A Christmas Carol then, is more than a story of a man's salvation. It is a story about the saving of each other. I think that is still relevant today. Wouldn't you?
While the themes of the previous post resonates quite powerfully, I would say that within the Holiday season, the work acquires even more relevancy. The redemptive spirit of the season is something that echoes within the days leading to Christmas. It seems like each season, we are reminded of Dickens' idea that the holiday spirit is something that anyone can embrace. In smaller forms, this is seen in the workplace with gift exchanges and office celebrations. Additionally, the idea of charity towards others in multiple forms seems to find a home with the themes from Dickens' work. The idea that those who have been fortunate can lend a hand to those who are in need is something that becomes louder during the holiday season, serving as a testament to the lasting impact of Dickens' work.
I guess you could say that this book is timeless -- it can apply to any time in history.
What connects the book most to our society is the idea of selfishness and the idea that we need to not be so greedy if we are to be happy. Any capitalist society (and I suppose others) will have this problem. People can get to be so driven to pursue money and power and such that they forget to have human relations. You can see that in cases such as the football coach who recently resigned (and then didn't) because he had forgotten to pay attention to his family while he became rich and famous.
So in that sense, it is a timeless story. People will always need to be reminded that there is more to life than money and possessions.
Another way in which this novel is still popular today is its message that anyone can change their situation, outlook, or mentality. Surely Scrooge is just about as anti-humanist as one can become; he trusts no one, scorns nearly everyone he meets, and looks out only for himself. He sees no potential in anyone, as he feels no one can benefit him in terms of fulfilling his true needs. While some of this may be blamed upon his job (what money lender or creditor wouldn't have a difficult time believing in people when he/she spends all day dealing with those who cannot meet their commitments and obligations?), he also chooses to view all people as untrustworthy and overly sentimental where no reason for sentiment exists.
However, even Scrooge can change his life. No one would expect someone so selfish and negative to become a champion for charity and a hero for humankind. Yet Ebenezer does just this, and it inspires all of us to look into our own lives and begin the reformation of our "inner Scrooges", so to speak. How can we improve our attitudes? Are there ways in which we can better the lives of those around us? What small things can we avoid leaving undone?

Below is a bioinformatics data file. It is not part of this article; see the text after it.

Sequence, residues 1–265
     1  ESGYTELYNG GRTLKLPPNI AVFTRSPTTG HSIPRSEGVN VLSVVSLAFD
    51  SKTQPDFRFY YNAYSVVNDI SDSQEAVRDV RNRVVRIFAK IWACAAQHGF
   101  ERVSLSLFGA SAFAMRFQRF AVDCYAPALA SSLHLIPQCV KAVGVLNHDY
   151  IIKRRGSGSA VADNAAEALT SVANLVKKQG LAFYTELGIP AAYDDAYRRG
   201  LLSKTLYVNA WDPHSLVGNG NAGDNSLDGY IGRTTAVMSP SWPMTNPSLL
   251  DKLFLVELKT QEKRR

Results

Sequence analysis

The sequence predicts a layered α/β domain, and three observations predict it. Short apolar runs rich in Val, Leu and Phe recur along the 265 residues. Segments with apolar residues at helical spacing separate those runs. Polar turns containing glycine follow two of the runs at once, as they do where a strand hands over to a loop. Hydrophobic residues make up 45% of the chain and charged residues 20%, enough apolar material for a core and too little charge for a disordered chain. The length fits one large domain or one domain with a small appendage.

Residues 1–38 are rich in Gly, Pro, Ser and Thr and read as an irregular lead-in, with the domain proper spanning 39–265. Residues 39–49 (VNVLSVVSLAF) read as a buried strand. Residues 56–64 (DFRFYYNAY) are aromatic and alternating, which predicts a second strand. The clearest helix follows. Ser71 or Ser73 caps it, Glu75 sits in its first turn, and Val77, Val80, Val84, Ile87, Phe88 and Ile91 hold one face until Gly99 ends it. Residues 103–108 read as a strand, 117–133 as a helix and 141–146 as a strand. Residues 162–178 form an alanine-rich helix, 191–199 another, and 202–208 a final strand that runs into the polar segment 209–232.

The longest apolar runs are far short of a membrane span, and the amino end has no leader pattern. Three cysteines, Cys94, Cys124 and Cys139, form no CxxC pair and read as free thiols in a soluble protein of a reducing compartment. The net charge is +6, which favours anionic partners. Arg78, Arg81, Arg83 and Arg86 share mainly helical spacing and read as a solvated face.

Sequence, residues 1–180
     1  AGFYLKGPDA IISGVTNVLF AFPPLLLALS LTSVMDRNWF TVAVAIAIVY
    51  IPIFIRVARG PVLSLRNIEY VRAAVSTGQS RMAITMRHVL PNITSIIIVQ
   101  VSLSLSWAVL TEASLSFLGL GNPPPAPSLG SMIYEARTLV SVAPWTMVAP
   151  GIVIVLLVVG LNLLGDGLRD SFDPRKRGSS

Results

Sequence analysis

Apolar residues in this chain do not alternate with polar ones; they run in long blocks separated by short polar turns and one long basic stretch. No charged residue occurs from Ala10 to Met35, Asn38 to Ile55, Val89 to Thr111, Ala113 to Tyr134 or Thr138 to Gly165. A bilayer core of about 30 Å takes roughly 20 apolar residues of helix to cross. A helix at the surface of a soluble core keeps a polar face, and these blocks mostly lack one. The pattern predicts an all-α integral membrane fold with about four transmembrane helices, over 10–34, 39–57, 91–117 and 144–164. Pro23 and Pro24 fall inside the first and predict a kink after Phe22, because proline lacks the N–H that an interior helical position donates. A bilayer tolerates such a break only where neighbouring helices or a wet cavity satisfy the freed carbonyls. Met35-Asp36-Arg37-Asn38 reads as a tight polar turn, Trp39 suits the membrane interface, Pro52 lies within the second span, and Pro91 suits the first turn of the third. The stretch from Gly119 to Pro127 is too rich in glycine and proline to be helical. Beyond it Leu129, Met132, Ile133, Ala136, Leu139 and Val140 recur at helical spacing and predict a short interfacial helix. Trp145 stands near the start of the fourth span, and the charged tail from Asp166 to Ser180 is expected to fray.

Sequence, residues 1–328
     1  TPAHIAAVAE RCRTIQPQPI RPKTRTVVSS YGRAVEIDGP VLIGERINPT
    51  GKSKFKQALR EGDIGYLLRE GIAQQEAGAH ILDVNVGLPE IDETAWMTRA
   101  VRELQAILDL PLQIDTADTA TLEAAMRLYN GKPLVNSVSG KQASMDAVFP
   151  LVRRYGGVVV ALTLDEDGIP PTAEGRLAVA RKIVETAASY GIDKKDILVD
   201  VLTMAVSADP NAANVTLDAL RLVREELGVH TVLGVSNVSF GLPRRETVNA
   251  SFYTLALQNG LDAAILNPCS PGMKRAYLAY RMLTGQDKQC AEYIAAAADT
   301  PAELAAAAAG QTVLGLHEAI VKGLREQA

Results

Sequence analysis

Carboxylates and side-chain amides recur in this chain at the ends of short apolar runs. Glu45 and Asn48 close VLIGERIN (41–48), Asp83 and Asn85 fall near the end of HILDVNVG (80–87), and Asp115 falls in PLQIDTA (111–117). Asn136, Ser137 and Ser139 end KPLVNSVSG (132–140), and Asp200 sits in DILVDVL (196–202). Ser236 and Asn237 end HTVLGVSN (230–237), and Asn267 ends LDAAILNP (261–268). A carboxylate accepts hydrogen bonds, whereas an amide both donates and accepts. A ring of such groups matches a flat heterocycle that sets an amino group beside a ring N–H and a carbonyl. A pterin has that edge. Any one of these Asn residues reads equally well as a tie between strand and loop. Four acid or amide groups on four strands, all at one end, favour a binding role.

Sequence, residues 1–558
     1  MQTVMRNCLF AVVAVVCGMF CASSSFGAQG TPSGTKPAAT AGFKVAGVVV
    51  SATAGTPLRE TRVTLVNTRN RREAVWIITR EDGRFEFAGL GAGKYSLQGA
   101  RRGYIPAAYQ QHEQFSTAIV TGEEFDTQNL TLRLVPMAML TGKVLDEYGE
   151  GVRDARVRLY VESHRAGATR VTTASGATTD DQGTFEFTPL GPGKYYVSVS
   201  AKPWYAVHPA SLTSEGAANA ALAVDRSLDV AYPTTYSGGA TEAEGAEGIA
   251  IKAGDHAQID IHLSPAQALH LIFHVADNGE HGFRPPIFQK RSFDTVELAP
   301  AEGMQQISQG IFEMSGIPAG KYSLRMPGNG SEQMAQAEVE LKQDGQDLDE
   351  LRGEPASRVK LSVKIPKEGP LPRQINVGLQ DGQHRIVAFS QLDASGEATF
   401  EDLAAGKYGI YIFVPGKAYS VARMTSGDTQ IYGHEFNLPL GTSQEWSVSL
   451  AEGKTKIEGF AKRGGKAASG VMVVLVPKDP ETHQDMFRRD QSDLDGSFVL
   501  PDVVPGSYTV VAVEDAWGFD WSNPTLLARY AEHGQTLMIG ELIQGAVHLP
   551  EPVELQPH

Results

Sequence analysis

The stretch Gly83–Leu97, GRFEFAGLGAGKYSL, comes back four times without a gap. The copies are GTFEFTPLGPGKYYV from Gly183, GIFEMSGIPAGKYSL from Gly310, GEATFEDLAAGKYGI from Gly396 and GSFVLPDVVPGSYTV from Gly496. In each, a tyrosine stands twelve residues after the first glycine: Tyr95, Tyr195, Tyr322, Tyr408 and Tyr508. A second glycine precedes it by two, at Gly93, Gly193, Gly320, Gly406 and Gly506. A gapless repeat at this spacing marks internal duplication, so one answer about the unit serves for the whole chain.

I think the major appeal of this novel is that it presents a message of hope and redemption. If Scrooge can do it, so can you. With New Year's just around the corner, many people are already in a mindset of establishing resolutions. Perfect timing for a novel such as this!
Well it's the theme of giving and being there for your family and friends. It's a timeless theme and the movie has a wonderful heart. There are lots of layers to this movie such as money does not buy happiness, and greed will only leave you alone and miserable. If you are not there for others, no one will be there for you, or miss you when you're gone. It's not just a story that finds its place around Christmas time, but it's a life story and can be enjoyed all year round.
The beauty of perfection of A Christmas Carol lies in its power to undermine what seems to have happened to that which is fundamentally important. As Ben Franklin said, we had better all hang together, or we will all HANG separately. Dickens wrote about what he witnessed. It is true that Charles Dickens wrote novels, yet it is also true that through his novels he subjected his readers to commentary. It was perhaps not conventional history but a self-witnessed one, and to historians this has its own merit. Period novels can never be dismissed as 'complete fiction' for from no fault of their own, most hold 'essence,' something the facts are sometimes incapable of grasping. A Christmas Carol still 'holds water' because it strikes at the core of what it means to be human. Let's face it, as long as humanity places value on humanity A Christmas Carol will never fall out of favor.
In a roundabout way, A Christmas Carol is still popular today because it has heavily influenced the way we think about Christmas. The image of Victorian carolers, abundant food, and family gatherings are idealized in Dickens' story.